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International Anti-War Movement Builds at UK Conference
Major Worldwide Demonstrations Planned for Third Anniversary of Iraq War

Kevin Zeese


Tuesday, 13 December 2005

Andrew Murray the Chair of the Stop the War Coalition opened a conference in London on December 10th describing it as an "historic event" that brings together peace activists from around the world. Indeed, the conference included delegates from the United States, Britain, Iraq, Iran, Pakistan, India, the Philippines, Canada, Poland, Greece, Italy, Spain and many other European countries. And as the day wore on it became evident that the potential historic nature of the conference would be seen depending on the actions taken as a result of the event.

No doubt, the international peace movement deepened, broadened and increased its solidarity at the conference. Approximately, 1,200 people packed the Royal Horticultural Society Hall in an event that remained full throughout the day until 8 PM at night.

The conference passed two resolutions: One deplored the holding of illegally detained prisoners and called for the release of four Christian Peace Workers who are currently being held hostage. The other described the Iraq War as the "central problem in world politics today and demands urgent resolution" and laid out plans for the future - including a major international demonstration on March 18-19 - the third anniversary of the invasion of Iraq.

Among the speakers that attendees came to hear were Iraqi delegates. This was made controversial when the British government refused to allow entry to the al Sadr representative, Hassan al Zargani. In a statement he said:

"The British and American governments send armies to occupy Iraq but are frightened of one person speaking at a peace conference in London. So much for the democracy which they claim to install in Iraq. They were not satisfied with banning me from Britain, but have now succeeded in expelling me and my family from Lebanon in this inhumane and vindictive way."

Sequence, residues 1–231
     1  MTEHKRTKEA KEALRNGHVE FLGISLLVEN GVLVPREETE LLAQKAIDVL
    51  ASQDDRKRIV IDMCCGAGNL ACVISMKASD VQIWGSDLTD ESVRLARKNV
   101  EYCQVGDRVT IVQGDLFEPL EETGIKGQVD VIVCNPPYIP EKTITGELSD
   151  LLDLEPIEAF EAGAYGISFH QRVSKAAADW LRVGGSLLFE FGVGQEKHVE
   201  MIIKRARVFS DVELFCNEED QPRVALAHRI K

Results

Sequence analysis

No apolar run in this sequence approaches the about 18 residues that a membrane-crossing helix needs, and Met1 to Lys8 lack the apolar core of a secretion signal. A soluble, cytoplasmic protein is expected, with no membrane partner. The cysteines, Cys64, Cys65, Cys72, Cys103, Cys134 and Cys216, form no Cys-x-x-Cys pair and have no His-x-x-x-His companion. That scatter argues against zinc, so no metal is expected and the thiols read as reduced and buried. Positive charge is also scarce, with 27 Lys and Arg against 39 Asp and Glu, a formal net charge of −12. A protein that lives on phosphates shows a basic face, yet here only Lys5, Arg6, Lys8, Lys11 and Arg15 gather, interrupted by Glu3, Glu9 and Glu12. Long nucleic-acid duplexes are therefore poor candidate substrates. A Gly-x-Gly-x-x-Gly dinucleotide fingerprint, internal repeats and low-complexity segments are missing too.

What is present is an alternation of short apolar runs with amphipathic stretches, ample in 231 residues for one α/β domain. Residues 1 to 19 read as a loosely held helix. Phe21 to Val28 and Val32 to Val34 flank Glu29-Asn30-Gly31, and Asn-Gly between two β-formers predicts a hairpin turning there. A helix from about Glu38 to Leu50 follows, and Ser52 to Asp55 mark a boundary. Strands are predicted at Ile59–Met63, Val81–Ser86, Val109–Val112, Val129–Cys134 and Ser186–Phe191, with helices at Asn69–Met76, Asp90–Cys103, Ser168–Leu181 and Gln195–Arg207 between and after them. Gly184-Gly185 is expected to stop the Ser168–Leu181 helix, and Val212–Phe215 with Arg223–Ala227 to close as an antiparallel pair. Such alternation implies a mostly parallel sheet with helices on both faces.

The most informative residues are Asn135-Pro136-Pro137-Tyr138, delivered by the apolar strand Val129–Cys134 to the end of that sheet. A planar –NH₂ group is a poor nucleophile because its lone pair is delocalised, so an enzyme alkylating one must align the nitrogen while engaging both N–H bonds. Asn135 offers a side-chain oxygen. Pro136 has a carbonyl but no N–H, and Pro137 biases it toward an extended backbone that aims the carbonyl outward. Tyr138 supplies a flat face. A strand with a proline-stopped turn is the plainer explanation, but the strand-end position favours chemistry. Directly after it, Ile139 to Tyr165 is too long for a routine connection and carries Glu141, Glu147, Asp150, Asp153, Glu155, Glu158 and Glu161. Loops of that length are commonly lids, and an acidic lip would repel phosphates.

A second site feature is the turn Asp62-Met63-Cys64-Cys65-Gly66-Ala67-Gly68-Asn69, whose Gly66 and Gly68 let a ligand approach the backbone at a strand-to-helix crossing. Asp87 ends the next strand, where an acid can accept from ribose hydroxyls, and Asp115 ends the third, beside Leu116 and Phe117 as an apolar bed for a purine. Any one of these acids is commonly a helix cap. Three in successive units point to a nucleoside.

Among the Iraqi delegates present were Sheikh al Khallisi from the Iraqi Foundation Congress, Hanna Ibrahim from the Women's Will organization, and Hassan Jumaa from the Iraqi Oil Workers' Union. The conference heard from Anas al Tikriti by telephone, who has been in Iraq trying to obtain the release of kidnapped peace activists. Among the prominent US delegates were Cindy Sheehan of Gold Star Families for Peace, Judith le Blanc from United for Peace and Justice, Medea Benjamin from Code Pink and Phyllis Bennis of Institute for Policy Studies.

The Current Situation

Tony Benn, the President of the Stop the War Coalition, who began his service in Parliament in 1950 and retired in 2001 in order to "devote more time to politics," opened the session on the current situation in Iraq, Britain and the U.S. by making the point that the peace movement was "the most powerful political movement of my lifetime as it represents the desires of a majority of the people." He expressed concern about the "religious justification for war because it means there will be no peace since God is claimed on both sides." He described the anti-war movement as not a "protest" movement but one that is "demands that troops be brought home, opposes an attack on Syria or Iran, supports the Palestinian peoples right of return, seeks removal of nuclear weapons and demands our civil liberties - the basis of democracy - be protected." He concluded with the important point that "we need to use the resources of the world for the benefit of the people of the world. We have the power to destroy ourselves but also the resources to resolve the basic problems facing the human race."

Phyllis Bennis of the Institute for Policy Studies described the current situation as "dual occupations posing in the name of democracy," referring to the occupation of Iraq and the Palestinian territories. Bennis described the tremendous shift in U.S. public opinion with only 30 percent currently supporting President Bush on Iraq, three-quarters not believing he told the truth regarding weapons of mass destruction and 60% wanting the U.S. to bring our troops home. She noted that with these figures it is evident "we don't have a democracy that is responsive to the people." She concluded saying that a "partial withdrawal is not enough - we must demand an end to the occupation, end to torture, and demand peace."

Professor Sami Ramadani of the London Metropolitan University, a political refugee from Saddam's regime, emphasized the "Big Lie" phenomena and how it applied to Iraq. He said the public now "overwhelmingly recognizes that the Iraq War was based on a 'big lie.'" He went on to point out that "the continuation of the occupation is based on another big lie - that the Iraqi people are so hopelessly divided, hate each other so much, that they are prepared to kill each other once the occupation forces leave." He pointed out that the occupation forces have tried to divide Iraqis through promoting death squads. He quoted Lt. General William Boykin describing the Phoenix Program of Vietnam which were death squads and General William Downing, the head of U.S. special operation forces who said that death squads started operating immediately after the March 2003 invasion. He warned that people need to be careful not to be fooled by bits of news every day about Iraqi divisions because this is how big lies are developed and it is the lie that keeps U.S. and British forces in Iraq.